The Writing Program at Benedictine

Vocabulary Building Tips

To be an effective writer, a person must have a strong vocabulary to make his or her ideas clear to the reader. Students often try to fake a strong vocabulary and end up making fools of themselves by misusing a word. Here are some tips to build your vocabulary:

Read, read, read!
The best way to build a vocabulary is to read as much as possible. It doesn't have to be a 17th century novel, though that kind of reading will effectively build your vocabulary. When you come across a word you don't know, look it up right then and there. To help you remember it, pay attention to how it's used in the sentence and make up a couple sentences of your own using it. Although this may seem troublesome, you won't have to do it forever. Eventually, your vocabulary will be built up and you will know the words when you're reading.

  • dictionary.com should be an app on your cell phone and a favorite on your laptop browser.
  • Use your new words in your daily life as much as possible. Don't worry if you're concerned that your friends will make fun of you; your future employers will be impressed.

Avoid vague language in your writing

 

  • Instead of using "good," or "bad," ask yourself what is good or bad about the noun you're describing. For example, instead of writing "it was a good book," ask yourself what was good about the book. Perhaps you mean "it was an exciting book" or "it was a funny book." Those are two different meanings. By avoiding vague language, your reader doesn't have to guess what you mean.
  • Instead of using "things," ask yourself what type of things you mean. You very likely don't mean bunny rabbits, but bunny rabbits are things. For example, instead of writing "the group learned many things at the club meeting," consider "the group learned many new strategies to increase membership at the club meeting."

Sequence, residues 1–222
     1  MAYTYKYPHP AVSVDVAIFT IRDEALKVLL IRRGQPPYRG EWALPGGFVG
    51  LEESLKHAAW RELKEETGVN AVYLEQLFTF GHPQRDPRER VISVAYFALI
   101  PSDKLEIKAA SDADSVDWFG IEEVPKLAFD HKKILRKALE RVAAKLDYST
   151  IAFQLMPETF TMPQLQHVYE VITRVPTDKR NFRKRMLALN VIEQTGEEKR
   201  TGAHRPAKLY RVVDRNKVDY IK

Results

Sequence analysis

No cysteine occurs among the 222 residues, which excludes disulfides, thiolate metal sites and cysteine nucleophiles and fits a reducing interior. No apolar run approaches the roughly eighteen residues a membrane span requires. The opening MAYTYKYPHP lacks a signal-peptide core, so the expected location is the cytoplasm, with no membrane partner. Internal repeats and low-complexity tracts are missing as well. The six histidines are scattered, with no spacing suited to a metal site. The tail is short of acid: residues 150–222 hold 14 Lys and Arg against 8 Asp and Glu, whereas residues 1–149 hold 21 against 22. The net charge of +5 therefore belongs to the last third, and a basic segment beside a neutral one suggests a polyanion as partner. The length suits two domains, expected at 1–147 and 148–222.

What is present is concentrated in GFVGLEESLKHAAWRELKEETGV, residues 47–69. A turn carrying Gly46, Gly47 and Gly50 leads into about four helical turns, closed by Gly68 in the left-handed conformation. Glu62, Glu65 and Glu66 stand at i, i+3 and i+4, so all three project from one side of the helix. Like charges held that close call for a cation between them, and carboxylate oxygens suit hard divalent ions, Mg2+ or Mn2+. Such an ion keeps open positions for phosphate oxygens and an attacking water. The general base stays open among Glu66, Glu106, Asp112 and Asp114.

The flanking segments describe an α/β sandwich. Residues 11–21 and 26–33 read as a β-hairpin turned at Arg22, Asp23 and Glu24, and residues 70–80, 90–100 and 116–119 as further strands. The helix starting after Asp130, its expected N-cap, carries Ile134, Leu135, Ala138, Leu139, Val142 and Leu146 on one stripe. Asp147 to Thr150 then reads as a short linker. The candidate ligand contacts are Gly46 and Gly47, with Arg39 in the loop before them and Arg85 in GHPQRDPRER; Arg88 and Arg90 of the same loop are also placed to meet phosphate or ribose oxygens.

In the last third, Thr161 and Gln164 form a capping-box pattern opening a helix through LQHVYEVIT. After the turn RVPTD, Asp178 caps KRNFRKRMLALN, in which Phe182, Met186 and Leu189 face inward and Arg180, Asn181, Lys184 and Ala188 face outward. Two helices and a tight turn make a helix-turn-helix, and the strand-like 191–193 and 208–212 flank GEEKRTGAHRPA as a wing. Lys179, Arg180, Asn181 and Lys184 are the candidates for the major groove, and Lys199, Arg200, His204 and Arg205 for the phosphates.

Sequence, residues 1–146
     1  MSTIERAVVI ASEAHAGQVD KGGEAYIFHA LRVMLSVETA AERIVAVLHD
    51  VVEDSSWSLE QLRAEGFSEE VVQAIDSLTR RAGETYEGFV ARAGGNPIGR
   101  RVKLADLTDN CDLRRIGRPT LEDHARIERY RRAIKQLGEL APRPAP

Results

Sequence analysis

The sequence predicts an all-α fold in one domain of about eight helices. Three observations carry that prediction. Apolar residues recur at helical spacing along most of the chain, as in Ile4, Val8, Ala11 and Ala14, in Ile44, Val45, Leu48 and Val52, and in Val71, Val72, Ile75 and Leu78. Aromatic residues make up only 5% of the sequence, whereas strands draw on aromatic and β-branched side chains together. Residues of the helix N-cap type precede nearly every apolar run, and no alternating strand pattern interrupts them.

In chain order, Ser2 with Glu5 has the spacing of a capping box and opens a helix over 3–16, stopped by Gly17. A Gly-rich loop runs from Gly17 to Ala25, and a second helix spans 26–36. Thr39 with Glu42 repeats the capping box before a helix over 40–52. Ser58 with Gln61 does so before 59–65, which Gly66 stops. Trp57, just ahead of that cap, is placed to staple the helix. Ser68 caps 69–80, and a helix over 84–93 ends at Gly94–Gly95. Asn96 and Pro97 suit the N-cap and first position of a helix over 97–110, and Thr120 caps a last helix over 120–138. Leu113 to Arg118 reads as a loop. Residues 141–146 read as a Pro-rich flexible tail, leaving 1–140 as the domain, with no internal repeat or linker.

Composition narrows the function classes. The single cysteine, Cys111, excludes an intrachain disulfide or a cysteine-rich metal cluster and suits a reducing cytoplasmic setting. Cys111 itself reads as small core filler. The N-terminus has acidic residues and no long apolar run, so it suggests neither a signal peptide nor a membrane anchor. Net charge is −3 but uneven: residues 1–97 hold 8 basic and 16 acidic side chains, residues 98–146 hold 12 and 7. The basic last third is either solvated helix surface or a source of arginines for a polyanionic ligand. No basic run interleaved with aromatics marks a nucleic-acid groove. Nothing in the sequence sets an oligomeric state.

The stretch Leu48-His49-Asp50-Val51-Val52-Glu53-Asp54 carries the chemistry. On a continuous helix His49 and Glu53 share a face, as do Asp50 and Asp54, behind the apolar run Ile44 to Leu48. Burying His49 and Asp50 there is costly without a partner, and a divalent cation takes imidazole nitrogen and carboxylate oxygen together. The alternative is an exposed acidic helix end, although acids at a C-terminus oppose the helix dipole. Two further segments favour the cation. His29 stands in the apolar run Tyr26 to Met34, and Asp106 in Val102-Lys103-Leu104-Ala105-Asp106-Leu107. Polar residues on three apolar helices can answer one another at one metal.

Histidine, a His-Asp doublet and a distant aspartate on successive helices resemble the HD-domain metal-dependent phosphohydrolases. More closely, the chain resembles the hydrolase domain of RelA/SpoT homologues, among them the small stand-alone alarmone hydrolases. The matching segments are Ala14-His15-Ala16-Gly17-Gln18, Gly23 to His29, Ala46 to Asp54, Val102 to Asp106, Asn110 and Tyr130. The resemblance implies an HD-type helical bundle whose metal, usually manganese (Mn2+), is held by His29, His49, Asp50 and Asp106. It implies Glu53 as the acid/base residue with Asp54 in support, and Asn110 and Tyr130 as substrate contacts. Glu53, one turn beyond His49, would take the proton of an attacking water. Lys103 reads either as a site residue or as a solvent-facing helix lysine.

Learn roots, prefixes, and suffixes
Words in English often have a root, a prefix, and/or a suffix. If you know the meanings of these parts, you will know more words when you're reading.  For example words starting with bio- have something to do with life, and words ending with -ology mean the study of something. Therefore, the word biology means the study of life. This is a simple example, but this trick can help you know the meaning of words such as misanthrope, bibliophile, and veracity without having to look them up.
Pages 389-393 of The St. Martin's Handbook - 8th edition provide a list of common roots, prefixes, and suffixes.

Stop swearing
If you stop swearing, you'll find that the number of words you use will greatly increase. It's easy to say "&*#$ mad." It takes a strong vocabulary to use words such as furious, enraged, and violently angry. It will be difficult at first, but like anything else, you'll improve with practice. A fifth grader can swear; an adult goes beyond that.

 

 
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